Elizabeth Edwards’ long standing battle with cancer came to a tragic end on Tuesday 7th December, 2010. She died at her home in Chapel Hill, her family and friends at her bedside as she passed away.
Just a few days prior to her passing doctors had told Elizabeth that further treatment was pointless as the stage IV cancer which had spread into her bones, had metastized in her liver. At the relatively young age of 61 she left behind her three children, Cate, Jack and Emma Claire, as well as a lasting legacy in literary form from her time as a best selling author.
Her life followed varying career paths which began with her role as a law clerk for a Federal Judge, and in 1978 she moved up the ladder to become an associate at Harwell, Barr, Martin and Sloan. In 1981 she worked at the Office of the Attorney General and legal firm Merriman, Nicholls and Crampton, but a pivotal and tragic event would soon lead her to step away from her legal roles.
She was the wife of former presidential candidate, John Edwards, although their marriage ended after their son Wade was killed in a jeep crash, and John publicly admitted to fathering a child with another woman. The ensuing divorce required a compulsory one year separation.
The loss of Wade led Elizabeth to form the “Wade Edwards Foundation” which was aimed at high school children who required aid in learning.
The death of her son changed so much in her life and was an awful loss to cope with, but her resilience really began to shine when she was diagnosed with cancer. The illness never deterred her from living a full life and, if anything, it motivated her to reach even greater heights.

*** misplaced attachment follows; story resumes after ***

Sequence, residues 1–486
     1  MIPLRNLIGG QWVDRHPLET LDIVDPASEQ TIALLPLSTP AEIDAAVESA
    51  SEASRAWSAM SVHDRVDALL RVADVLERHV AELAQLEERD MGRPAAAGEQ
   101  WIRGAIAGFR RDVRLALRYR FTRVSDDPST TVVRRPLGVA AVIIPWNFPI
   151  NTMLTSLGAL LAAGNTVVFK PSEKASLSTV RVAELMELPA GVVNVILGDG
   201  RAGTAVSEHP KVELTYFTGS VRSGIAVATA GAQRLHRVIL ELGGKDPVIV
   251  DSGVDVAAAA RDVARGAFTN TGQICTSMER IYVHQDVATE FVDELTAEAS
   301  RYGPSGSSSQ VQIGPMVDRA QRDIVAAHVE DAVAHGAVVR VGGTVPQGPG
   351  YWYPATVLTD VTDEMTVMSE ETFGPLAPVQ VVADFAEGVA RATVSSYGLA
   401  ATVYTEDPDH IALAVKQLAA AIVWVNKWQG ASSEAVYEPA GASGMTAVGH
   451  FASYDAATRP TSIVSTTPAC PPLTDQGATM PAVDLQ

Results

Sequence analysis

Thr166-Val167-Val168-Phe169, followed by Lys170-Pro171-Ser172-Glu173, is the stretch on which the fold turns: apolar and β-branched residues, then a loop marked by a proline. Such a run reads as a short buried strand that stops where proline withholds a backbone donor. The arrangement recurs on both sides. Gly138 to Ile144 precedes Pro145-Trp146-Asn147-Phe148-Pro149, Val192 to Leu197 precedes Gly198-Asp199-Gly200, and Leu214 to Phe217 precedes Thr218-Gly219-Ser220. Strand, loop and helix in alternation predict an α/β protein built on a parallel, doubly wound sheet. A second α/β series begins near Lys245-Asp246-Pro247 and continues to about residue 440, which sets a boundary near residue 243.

Her first book, “Saving Graces: Finding Solace and Strength from Friends and Strangers,” focused on the death of her son and her battle with cancer, while her second book, “Resilience: Reflections on the Burdens and Gifts of Facing Life’s Adversities,” followed in May 2009, and looked in more depth at the difficulties she faced throughout her life, the loss of her father and son and the state of US health care.
She was diagnosed with breast cancer in November 2004 and the subsequent fight against the disease remained public. She became an activist for women’s health care and all sufferers of cancer. On March 22nd, 2007 she announced that her cancer had developed to stage IV and on December 6th, 2010 doctors ended all treatment.
Although her life endured so much difficulty and in tragic circumstances, she will be remembered as a brave and courageous woman who inspired millions with her strength in the face of great adversity.